DUBAI (Reuters) - Bahrain is in talks with banks for a loan of about $1 billion after the Gulf state’s plans to issue international bonds were suspended due to bad market conditions, sources told Reuters.
The small Gulf oil producer, rated “junk” by all the three major credit rating agencies, is seeking funds amid a slump in global oil prices which is hurting its finances.
Bahrain was bailed out by some of its wealthier Gulf allies in 2018 to stave off the risk of a credit crisis after a prolonged period of lower oil prices pushed its public debt to nearly 93% percent of annual economic output.
The latest plunge in crude prices - due to a market share war between Saudi Arabia and Russia and the fallout from coronavirus - is now straining the finances of Gulf Arab states, with Bahrain and Oman particularly vulnerable.
Bahrain hired a group of banks weeks ago for a potential U.S. dollar-denominated bond issue but the deal was suspended due to worsening market conditions caused by the global spread of the virus, four sources familiar with the matter said.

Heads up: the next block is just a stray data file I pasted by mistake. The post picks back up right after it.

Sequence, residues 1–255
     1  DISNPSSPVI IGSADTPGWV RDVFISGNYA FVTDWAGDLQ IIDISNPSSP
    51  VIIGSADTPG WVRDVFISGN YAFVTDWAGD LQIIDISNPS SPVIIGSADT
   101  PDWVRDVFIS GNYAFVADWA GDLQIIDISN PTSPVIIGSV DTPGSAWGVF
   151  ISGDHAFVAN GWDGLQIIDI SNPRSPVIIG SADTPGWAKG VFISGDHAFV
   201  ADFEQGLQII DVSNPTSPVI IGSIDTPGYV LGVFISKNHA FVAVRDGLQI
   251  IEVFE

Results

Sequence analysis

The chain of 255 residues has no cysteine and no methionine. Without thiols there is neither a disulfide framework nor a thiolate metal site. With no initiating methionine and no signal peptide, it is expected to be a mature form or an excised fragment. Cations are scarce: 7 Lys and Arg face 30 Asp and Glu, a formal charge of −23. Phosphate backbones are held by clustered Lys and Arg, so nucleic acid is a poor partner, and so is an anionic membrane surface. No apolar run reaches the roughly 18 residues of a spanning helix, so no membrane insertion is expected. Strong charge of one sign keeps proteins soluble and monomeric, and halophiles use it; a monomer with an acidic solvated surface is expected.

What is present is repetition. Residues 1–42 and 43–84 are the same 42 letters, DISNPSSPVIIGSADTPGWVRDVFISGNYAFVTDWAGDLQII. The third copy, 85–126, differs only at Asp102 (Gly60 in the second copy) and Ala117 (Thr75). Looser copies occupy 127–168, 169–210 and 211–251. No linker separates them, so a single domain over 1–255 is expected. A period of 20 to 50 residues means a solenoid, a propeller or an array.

The Gulf state has now started talks with a small group of relationship banks to raise about $1 billion through a loan, three sources familiar with the matter said.
Bahrain did not respond to a request for comment.
A loan would partly shield Bahrain from requests from investors for higher rates. While loan rates are linked to bond market rates, other considerations such as existing banking relationships and banks’ ancillary businesses make loan prices less dependent on the performance of bonds.
“A loan in this market is faster and easier to go,” said one of the sources. “Also, you avoid a roadshow, which is difficult these days with all the travel disruptions.”
Roadshows are meetings that issuers of financial instruments hold with international investors ahead of a planned deal.
Yields on Bahrain’s international bonds due in 2047 have spiked by more that 60% since an output curb agreement between OPEC and non-OPEC partners collapsed on March 6 and sent oil prices tumbling.
Government bonds due in 2047 were yielding 9.9% on Thursday, up from 6% on March 6, according to Refinitiv data. The Bahraini dinar, which is pegged to the U.S. dollar, has also been under pressure in the forwards market.
S&P Global Ratings said this month Bahrain was among the most vulnerable Middle East countries to a drop in tourism due to the coronavirus outbreak.
“This is mostly due to our very low estimate of usable reserves in the sovereign, which magnifies the effect of any drop in current account receipts,” it said.
Bahrain has said it wants to deliver a balanced budget by 2022 as part of a program of fiscal reforms linked to the $10 billion financial aid package received in 2018 from Saudi Arabia, Kuwait and the United Arab Emirates.
Editing by David Clarke
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